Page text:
Antibiotics have transformed our ability to treat many infectious diseases that were killers only a few decades ago. But with increasing use, many bacteria are becoming resistant to the most commonly prescribed antibiotic treatments – so much so, that resistance to antibiotics has become one of the world’s most pressing health problems. There is therefore a need to develop new and potent antibiotics with novel modes of action. To design such drugs, however, it is very important to solve the 3-D crystal structures of the bacterial target proteins, since they are the templates with which the drug interacts, just as a key fits into a lock.
This has been, for many years, the aim of Weizmann Institute graduate Prof. Osnat Herzberg, who continues her endeavor at the Center for Advanced Research in Biotechnology (CARB) of the University of Maryland, USA.
For her Ph.D. research, Herzberg chose to specialize in protein X-ray crystallography. “Although structural biology was a relatively young subject, many great scientific breakthroughs were being made, and I just had to be in the forefront of this field,” says Herzberg.
Herzberg received her master’s degree in geo-isotope research from the Weizmann Institute in 1976 and then, under the guidance of Prof. Ada Yonath and Prof. John Moult (a visiting scientist at the time), went on to pursue her Ph.D. studies in what was then the Institute’s Structural Chemistry Department, receiving her degree in 1982. Her research focused on understanding the structural basis for the action of beta-lactamases – enzymes produced by some bacteria that give them resistance to certain antibiotics such as penicillin. During her postdoctoral studies, carried out at the University of Alberta, Edmonton, Canada, she eventually managed to solve the structure of the enzyme in 1987.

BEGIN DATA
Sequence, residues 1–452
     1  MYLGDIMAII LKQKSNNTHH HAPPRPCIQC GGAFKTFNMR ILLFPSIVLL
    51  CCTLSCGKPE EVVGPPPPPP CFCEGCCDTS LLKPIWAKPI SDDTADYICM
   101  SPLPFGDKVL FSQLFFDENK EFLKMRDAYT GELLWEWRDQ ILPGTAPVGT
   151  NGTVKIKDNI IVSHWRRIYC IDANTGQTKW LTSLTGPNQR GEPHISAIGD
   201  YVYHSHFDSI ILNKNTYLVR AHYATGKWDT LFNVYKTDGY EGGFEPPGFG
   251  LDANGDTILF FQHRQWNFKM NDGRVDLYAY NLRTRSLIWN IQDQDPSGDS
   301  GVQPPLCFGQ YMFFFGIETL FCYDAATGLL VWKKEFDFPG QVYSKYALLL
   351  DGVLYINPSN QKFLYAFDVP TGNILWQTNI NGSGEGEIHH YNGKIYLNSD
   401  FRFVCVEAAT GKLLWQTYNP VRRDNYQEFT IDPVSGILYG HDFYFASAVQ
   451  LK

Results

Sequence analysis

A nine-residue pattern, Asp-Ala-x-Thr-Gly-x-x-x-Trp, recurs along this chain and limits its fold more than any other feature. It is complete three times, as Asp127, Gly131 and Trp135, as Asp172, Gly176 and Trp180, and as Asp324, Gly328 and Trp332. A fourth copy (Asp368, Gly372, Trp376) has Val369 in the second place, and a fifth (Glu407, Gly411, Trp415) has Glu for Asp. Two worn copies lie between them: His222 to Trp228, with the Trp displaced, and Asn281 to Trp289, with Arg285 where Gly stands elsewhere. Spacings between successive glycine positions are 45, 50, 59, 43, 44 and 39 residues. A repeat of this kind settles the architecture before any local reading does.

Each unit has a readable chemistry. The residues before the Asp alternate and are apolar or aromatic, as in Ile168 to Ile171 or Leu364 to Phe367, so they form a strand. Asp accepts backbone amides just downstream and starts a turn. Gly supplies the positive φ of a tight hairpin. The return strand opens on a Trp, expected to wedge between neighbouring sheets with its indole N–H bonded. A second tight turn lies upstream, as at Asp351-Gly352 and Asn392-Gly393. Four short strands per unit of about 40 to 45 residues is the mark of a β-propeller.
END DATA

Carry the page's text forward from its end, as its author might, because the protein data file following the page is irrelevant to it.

Among a number of research topics that she pursues at CARB, where she has now been for almost 20 years, Herzberg maintains her interest in determining the structure of beta-lactamases as a means of understanding their function and mechanism of action. But something about the Weizmann Institute keeps drawing her back. Herzberg jumped at the opportunity to work in the Weizmann Institute’s Israel Structural Proteomics Center, headed by Prof. Joel Sussman, which is equipped with state-of-the-art instumentation for protein production, crystallization and 3-D structure determination, and develops high throughput approaches for determining the 3-D structures of human protein targets of medical importance. For two three-month periods in 2004 and 2005, she took sabbatical leaves, supported by the Weizmann Institute’s Weston Visiting Professorship and the Helen and Milton A. Kimmelman Center, respectively, in which she immersed herself in “hands-on” bench work.
“I felt the best way to really understand and appreciate the work carried out by my students was to place myself in their shoes, and I am now able to provide better guidance and to adopt innovative techniques that I myself learned at the Weizmann Institute.”
The Israel Structural Proteomics Center is funded by the Ministry of Science and Technology; the EU Structural Proteomics in Europe (SPINE) project; and the Divadol Foundation for Technology Development.